Lives are complicated. Flawed yet beautiful at times. The layers of nuance and interdependence can be mystifying. I get lost trying to work out what’s going on sometimes. I’ve been thinking about this as I tell the story of what I’m doing. And where I might be heading.
I’m not about to break in to a free-form rant about why we need to simplify our lives (that can wait for another day). Instead, I remind myself the stories which move an audience are often the simplest – the clearest and the most concise.
There’s part of the human brain that loves a narrative and wants to move through it. To find resolution. Like the musician holding out for the cadence to resolve.
Which is why I believe storytelling is so crucial when trying to communicate with people – and when you want to inspire them to action.
However, making something simple can be hard. Really hard. Especially if you know a lot about a topic (which you really should if you’re going to be talking about it). And it’s worth it. If you have a limited time to tell someone about your idea, you need to be really clear about it, the impact it will have and how they can get involved.
Telling a multi-layered story might leave them switched off.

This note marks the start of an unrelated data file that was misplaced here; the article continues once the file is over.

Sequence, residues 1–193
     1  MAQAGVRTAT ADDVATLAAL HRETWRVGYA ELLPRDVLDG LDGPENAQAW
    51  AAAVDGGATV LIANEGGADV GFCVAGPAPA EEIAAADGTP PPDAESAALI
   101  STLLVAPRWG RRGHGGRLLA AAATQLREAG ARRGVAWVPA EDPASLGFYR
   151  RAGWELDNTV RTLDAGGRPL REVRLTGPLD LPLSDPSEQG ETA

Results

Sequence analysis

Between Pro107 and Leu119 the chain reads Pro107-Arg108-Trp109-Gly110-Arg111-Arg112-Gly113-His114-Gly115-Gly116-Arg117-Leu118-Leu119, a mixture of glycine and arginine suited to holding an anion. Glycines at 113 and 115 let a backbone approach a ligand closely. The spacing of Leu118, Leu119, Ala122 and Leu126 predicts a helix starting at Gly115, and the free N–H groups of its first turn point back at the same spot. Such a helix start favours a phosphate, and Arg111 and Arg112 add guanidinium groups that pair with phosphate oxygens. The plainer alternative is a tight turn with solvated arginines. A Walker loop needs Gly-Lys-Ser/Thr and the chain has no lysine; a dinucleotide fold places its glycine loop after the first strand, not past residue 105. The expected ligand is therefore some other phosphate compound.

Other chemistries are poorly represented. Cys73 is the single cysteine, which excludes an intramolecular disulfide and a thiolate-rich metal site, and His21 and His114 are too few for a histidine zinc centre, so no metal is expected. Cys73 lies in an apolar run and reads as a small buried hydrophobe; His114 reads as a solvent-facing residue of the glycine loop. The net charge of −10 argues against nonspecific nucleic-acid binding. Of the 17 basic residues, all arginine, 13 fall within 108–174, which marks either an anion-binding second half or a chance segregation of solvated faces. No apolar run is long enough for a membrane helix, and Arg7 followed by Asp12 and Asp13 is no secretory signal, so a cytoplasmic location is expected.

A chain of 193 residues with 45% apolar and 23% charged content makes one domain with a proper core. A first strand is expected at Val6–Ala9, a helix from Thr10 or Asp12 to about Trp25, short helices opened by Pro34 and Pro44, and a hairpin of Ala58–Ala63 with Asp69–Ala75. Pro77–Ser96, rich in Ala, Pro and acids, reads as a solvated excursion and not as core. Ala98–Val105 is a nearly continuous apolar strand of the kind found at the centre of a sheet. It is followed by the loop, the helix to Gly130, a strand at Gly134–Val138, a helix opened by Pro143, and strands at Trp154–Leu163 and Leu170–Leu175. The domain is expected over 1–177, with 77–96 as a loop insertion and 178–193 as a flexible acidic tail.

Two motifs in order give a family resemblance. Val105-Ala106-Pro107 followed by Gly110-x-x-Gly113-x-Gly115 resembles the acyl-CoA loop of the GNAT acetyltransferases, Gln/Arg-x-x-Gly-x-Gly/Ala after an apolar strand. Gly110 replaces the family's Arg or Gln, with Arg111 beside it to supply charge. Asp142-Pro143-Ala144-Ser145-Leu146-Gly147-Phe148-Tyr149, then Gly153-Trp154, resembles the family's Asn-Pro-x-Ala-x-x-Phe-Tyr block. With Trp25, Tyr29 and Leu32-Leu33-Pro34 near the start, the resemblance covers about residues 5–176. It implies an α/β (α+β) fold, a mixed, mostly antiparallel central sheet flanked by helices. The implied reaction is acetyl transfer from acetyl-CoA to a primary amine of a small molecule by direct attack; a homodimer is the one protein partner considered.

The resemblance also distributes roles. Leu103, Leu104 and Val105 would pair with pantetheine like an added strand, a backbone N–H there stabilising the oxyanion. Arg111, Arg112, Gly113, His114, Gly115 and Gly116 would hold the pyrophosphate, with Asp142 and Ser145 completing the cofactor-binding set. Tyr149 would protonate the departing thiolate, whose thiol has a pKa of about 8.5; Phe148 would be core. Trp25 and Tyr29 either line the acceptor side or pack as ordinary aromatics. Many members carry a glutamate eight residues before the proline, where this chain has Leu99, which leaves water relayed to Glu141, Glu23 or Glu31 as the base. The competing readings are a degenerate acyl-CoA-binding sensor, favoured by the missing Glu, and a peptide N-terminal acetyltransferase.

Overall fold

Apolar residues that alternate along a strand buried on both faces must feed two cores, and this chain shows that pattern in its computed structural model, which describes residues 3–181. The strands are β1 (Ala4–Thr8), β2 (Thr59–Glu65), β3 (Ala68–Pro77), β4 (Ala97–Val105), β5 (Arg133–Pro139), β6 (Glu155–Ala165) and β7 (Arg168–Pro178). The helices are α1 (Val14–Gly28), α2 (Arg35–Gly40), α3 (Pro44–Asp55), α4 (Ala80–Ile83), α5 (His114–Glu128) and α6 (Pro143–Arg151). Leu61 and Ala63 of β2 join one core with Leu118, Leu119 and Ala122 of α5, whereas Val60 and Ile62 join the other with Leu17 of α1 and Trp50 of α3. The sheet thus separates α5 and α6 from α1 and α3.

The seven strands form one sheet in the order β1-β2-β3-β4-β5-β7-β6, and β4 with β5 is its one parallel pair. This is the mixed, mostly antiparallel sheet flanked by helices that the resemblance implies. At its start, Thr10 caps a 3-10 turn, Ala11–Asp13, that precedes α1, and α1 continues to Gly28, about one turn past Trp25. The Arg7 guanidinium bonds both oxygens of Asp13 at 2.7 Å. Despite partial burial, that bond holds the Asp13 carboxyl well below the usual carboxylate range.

Putting in the time to refine. And refine. And refine again will always be worth it. You’ll be clearer about what you’re saying – and your audience will be too.
This process of inviting people to the workshops and taking about Presentation Greatness is, for me, a bit of a risk.
Sure I’ve helped people do this stuff for a long time, and I’ve learned from some great people. But me taking action and getting started has involved being willing to take the risk that no matter how simple and clear the message, people might not pay attention.
Dancing may not be for everyone
For some people the return of Strictly Come Dancing is a TV highlight. Personally, it’s not my thing. But I recognise the risk that the participants are taking.
As I read this quote from Robert McKee‘s seminal work “Story: Substance, Structure, Style and the Principles of Screenwriting“, I was encouraged to persevere. To keep working. To have faith that I will continue to learn.
“Write every day, line by line, page by page, hour by hour. Do this despite fear. For above all else, beyond imagination and skill, what the world asks of you is courage, courage to risk rejection, ridicule and failure. As you follow the quest for stories told with meaning and beauty, study thoughtfully but write boldly. Then, like the hero of the fable, your dance will dazzle the world.”
There are times of uncertainty and questions, and that’s okay. Recognising that I don’t know everything is incredibly liberating. And what I do know if that I want to help people develop and deliver amazing presentations.
Get in touch if you want to know more.